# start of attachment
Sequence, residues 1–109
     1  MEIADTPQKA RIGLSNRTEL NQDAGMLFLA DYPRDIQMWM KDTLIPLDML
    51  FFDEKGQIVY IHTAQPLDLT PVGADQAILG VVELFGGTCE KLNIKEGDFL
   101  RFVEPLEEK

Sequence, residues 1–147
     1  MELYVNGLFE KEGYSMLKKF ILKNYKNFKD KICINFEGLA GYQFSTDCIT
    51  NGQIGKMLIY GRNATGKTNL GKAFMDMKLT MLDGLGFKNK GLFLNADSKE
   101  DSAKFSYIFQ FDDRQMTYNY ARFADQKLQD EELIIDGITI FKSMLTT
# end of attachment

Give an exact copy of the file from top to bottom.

Sequence, residues 1–109
     1  MEIADTPQKA RIGLSNRTEL NQDAGMLFLA DYPRDIQMWM KDTLIPLDML
    51  FFDEKGQIVY IHTAQPLDLT PVGADQAILG VVELFGGTCE KLNIKEGDFL
   101  RFVEPLEEK

Sequence, residues 1–147
     1  MELYVNGLFE KEGYSMLKKF ILKNYKNFKD KICINFEGLA GYQFSTDCIT
    51  NGQIGKMLIY GRNATGKTNL GKAFMDMKLT MLDGLGFKNK GLFLNADSKE
   101  DSAKFSYIFQ FDDRQMTYNY ARFADQKLQD EELIIDGITI FKSMLTT